INSIDE LLEWYN DAVIS
Review by Gordon Justesen
Isaac, Carey Mulligan, John Goodman, Garrett Hedlund, F. Murray Abraham, Justin
Directors: Joel Coen, Ethan Coen
Audio: DTS HD 5.1
Video: Anamorphic Widescreen 1.85:1
Features: See Review
Length: 104 Minutes
Release Date: January 19, 2016
“Everything you touch turns to s**t. You’re like King Midas’ idiot brother.”
One terrific trait of filmmakers Joel and Ethan Coen is that you simply never know what they’re going to serve up next. They’ve always played by their own rules and never sold out. Even when making studio movies, they always seem to put their signature stamp on the final product (see Intolerable Cruelty, still one of their most underrated films to date).
But Inside Llewyn Davis is perhaps the best proof yet of the Coen’s playing by their own rules. What other filmmaker, or set of filmmakers, at such a high point in their career would choose to make a simple film about a struggling musician set against the folk music scene in 1961? Very few, I assure you, if any.
This is a masterful character study as only the Coen’s can deliver, about a talented yet insufferable individual. Llewyn Davis (brilliantly played by Oscar Isaac), is a folk singer living off low paying gigs in Greenwich Village. At this point, folk music is an underground favorite that hasn’t quite reached its breakout point when Bob Dylan comes on the scene.
Llewyn’s life away from his stage performances is a constant mess. His agent doesn’t see him as a marketable artist, which is no good for a singer who isn’t willing to sell out. He may or may not have a kid on the way with ex-girlfriend, Jean (Carey Mulligan) who absolutely despises him, and he’s constantly having to look after his neighbors’ orange cat, who indulges in running away.
Though it’s a much smaller and quieter film compared to some of their more notable, outlandish efforts, this is some of the most impressive filmmaking the Coen Brothers have delivered to date. It’s a grand period piece, as the 60s music scene is recreated in breathtaking form. There’s a purposefully murky look to the film as well with a distinctive color pallete and near foggy presence in the cinematography that gives the it an atmosphere all its own.
And from a music standpoint, this features some of the best you’ll ever hear in a single movie. From Llewyn’s opening number, “Hang Me” to a winning variation on the folk favorite “Fare Thee Well” to a somewhat comic moment featuring the performance a protest song against NASA (featuring Justin Timberlake and Kylo Ren himself, Adam Driver), the music numbers here are nothing short of remarkable. It makes you wish music today sounded as good.
Clearly one of their more personal films to date, Inside Llewyn Davis is also one of the absolute best films to date from The Coen Brothers. It’s a film that only gets better with subsequent viewings, not to mention resonate more. For Coen fans and music fans alike, this is a can’t miss affair if there ever was one!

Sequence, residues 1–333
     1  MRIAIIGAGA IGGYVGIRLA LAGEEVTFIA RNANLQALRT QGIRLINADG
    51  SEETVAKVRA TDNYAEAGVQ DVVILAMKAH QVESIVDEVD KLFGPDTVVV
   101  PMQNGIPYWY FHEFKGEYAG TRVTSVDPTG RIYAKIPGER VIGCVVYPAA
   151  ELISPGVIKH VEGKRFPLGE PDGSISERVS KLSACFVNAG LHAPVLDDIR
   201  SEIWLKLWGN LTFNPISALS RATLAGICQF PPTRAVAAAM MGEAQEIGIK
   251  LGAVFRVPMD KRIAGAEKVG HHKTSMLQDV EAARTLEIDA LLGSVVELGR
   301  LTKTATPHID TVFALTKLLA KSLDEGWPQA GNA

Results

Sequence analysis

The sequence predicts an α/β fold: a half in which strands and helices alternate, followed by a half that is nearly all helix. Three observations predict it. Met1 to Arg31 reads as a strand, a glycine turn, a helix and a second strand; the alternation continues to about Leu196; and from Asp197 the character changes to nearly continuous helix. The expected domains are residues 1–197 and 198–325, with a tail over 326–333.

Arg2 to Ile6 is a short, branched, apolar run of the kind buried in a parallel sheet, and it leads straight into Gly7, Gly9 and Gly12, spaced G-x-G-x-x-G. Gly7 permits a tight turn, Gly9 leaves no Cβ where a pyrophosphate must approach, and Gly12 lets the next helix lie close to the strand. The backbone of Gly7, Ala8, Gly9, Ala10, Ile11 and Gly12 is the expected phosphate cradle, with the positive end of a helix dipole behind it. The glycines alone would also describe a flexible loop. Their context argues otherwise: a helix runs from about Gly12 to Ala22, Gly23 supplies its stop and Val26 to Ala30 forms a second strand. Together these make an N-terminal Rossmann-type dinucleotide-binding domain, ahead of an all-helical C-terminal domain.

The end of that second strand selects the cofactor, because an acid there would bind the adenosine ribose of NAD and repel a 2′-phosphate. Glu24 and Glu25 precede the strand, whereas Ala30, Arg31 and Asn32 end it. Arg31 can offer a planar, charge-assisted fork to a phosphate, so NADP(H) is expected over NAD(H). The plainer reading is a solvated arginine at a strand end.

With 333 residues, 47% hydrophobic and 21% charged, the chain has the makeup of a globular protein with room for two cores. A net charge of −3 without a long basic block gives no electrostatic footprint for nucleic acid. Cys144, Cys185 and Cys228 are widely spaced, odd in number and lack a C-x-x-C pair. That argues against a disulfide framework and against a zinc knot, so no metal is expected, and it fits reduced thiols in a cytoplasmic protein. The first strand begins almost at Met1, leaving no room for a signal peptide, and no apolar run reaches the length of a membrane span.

If you’ve by chance waited this long to see the movie, well that’s sort of a good thing because Criterion has given this a beautiful, one of a kind 4K mastering for this Blu-ray release. Again, we have a unique looking film here and perhaps one that normally wouldn’t showcase impressively in an HD format. And yet, Criterion has worked their magic to create a remarkable looking presentation. The colors that do stand out from the mostly milky white display, most notably the orange cat, do so in purely stunning form. Another Criterion triumph!
The notion of Criterion delivering a DTS HD mix to a musically charged film is basically all the info you need for the high rating. From the opening number, the music bits in this are given the most phenomenal form of lossless audio playback. And dialogue delivery is balanced out perfectly with the musical proceedings, and various surrounding sounds in the settings (NYC and Chicago) are given terrific attention as well.
Criterion has already delivered one of the best Blu-rays of the year in the first month of 2016. This is one extras-packed release, starting off with a new audio commentary featuring authors Robert Christgau, David Hajdu, and Sean Wilentz. There’s also a new and absolutely terrific conversation between filmmaker Guillermo del Toro and the Coens about the evolution of their approach, as well as “Inside Inside Llewyn Davis”, a forty-three-minute documentary that is the only extra from the previous Blu-ray release and only one ported over to this one. In addition, there’s the fantastic “Another Day, Another Time”, a 101-minute concert documentary celebrating the music of the film, featuring the likes of Joan Baez, Marcus Mumford, Punch Brothers, Gillian Welch, Jack White, and more. There’s also a new conversation between music producer T Bone Burnett and the Coens about folk music, with illustrations by Drew Christie, as well as a new piece about the early sixties Greenwich Village folk scene, featuring music writer and historian Elijah Wald. Lastly, there’s “Sunday”, a short film by Dan Drasin documenting a 1961 clash between folk musicians and police in Washington Square Park, Trailers for the film and a terrific insert featuring an essay by film critic Kent Jones.
Inside Llewyn Davis is yet another dynamic masterwork from Joel and Ethan Coen. It’s one of a kind as a character study, period piece, and film about music. Criterion’s release is already high on the Best Blu-ray Releases of the Year list, and is a definite must own!